This is a two-for-one fossil: two undescribed fossil leaves partially overlapping one another along the same bedding plane of a chunk of feldspar-rich shale from the Middle Eocene Ione Formation, western foothills of the Sierra Nevada. Both leaves display well-preserved midribs (primary veins) and margins; the leaf margins are entire--that is, the edges of the fossils are smooth and non-serrated. Paleobotanists should be able to identify these specimens, eventually. Reddish-brown coloration is due to the presence of the mineral iron oxide, which formed during Eocene times in a semi-tropical, humid, chemically reducing paleoenvironment. Note that there are several other fragmental leaf specimens present on this same chunk of Eocene shale. The roughly 45 million-year-old specimens came from an extraordinarily rich locality on private property in Amador County--a specific site currently under formal paleobotanical study by Dr. Jack A. Wolfe (retired member of the United States Geological Survey) and Howard E. Schorn (retired Collections Manager of Fossil Plants at the University California Museum of Paleontology in Berkeley), among others, who hope to use the fossils to help approximate the paleoelevation of the ancestral Sierra Nevada region during the geologic past.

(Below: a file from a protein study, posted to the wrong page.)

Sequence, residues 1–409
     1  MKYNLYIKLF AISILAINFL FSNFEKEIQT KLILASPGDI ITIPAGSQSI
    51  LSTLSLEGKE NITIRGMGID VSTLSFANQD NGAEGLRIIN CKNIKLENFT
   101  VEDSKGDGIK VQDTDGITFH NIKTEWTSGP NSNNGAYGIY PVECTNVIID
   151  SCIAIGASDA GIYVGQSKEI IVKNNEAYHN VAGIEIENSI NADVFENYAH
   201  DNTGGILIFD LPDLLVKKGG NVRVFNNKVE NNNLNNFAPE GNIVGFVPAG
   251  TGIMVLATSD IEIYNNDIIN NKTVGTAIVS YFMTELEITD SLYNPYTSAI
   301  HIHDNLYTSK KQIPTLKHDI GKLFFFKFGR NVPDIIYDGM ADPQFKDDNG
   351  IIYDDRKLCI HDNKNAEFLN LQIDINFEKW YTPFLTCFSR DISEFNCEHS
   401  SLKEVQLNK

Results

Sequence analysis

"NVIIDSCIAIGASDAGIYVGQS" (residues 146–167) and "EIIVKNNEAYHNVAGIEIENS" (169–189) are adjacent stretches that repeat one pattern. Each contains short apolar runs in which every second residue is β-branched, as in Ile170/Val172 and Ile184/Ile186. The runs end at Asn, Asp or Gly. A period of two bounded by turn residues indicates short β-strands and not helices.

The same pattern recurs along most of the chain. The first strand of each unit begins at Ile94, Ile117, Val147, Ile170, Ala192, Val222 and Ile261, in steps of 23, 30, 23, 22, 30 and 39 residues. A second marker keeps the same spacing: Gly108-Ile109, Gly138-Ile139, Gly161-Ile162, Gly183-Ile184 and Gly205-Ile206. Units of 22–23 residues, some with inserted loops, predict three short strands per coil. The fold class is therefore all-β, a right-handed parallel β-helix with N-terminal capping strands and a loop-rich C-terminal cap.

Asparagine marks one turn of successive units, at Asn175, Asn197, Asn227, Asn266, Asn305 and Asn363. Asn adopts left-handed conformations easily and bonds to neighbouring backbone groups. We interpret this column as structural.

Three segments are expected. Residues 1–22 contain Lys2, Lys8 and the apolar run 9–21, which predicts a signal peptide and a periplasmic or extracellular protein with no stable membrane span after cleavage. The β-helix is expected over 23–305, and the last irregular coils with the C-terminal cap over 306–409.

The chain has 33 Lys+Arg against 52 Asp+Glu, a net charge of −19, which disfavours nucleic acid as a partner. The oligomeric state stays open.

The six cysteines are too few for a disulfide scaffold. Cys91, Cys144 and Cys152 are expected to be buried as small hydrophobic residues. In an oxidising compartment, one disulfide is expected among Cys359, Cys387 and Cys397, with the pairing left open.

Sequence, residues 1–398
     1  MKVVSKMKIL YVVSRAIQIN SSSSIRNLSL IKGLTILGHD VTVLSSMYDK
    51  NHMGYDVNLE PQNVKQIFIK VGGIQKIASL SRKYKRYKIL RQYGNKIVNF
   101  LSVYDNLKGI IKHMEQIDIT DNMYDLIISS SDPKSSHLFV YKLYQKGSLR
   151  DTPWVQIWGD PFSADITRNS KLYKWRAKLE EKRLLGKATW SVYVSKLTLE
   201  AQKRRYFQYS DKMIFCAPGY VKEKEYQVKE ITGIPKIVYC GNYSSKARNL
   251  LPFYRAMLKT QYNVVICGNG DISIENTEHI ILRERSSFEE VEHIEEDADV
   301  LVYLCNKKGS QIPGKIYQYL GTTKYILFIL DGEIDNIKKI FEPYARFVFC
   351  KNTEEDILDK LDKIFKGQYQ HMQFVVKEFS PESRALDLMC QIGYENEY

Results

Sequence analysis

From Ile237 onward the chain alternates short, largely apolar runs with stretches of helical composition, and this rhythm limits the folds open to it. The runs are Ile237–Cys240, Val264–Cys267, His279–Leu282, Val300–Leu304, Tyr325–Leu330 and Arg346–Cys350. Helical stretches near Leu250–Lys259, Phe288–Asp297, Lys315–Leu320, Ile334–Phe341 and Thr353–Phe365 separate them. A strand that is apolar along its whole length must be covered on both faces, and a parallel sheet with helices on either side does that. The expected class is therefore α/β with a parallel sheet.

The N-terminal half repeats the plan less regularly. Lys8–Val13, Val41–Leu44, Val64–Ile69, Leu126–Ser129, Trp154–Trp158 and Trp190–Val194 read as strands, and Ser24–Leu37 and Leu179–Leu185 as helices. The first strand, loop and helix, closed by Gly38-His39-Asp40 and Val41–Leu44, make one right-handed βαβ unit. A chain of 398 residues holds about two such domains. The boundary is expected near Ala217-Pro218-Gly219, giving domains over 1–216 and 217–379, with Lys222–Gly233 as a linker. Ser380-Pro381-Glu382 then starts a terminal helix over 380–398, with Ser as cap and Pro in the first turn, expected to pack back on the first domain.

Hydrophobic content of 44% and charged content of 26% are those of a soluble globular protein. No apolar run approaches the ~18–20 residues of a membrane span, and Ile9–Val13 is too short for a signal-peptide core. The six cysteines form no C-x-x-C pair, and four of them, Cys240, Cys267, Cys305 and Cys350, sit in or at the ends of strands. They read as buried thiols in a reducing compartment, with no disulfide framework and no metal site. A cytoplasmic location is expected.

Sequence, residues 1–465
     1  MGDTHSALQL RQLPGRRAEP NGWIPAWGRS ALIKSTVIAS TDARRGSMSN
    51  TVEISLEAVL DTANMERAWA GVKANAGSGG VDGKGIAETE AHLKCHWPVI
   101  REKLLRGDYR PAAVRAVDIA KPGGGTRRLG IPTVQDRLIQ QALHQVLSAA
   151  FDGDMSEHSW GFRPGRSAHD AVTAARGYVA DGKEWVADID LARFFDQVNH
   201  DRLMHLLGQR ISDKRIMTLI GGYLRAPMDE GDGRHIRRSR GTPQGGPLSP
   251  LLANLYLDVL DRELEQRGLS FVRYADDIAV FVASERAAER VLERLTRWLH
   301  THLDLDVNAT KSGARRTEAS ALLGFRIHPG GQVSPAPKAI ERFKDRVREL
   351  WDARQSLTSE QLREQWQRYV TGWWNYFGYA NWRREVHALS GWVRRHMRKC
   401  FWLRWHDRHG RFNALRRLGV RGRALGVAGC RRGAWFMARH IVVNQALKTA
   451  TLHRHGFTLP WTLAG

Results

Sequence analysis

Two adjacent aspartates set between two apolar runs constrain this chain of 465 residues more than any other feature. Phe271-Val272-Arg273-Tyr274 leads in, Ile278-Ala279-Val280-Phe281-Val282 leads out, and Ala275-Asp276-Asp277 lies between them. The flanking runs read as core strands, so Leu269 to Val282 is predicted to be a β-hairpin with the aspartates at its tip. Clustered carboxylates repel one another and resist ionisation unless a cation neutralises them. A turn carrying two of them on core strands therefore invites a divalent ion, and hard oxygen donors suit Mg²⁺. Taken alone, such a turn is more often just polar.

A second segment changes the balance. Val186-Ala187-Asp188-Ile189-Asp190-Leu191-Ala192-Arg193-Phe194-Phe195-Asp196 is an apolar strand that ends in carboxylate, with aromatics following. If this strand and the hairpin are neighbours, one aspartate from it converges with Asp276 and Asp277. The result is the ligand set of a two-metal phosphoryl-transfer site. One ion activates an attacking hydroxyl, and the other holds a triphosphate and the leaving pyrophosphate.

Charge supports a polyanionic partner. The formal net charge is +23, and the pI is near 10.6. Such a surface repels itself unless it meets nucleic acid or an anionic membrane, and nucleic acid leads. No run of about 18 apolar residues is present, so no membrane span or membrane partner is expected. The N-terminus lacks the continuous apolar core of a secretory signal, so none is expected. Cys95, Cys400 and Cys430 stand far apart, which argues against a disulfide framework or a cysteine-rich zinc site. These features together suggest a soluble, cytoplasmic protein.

Please note: All fossil localities in the Ione Formation of Amador County, California, presently occur on private property; explicit permission from the land owners must be secured before collecting fossils there.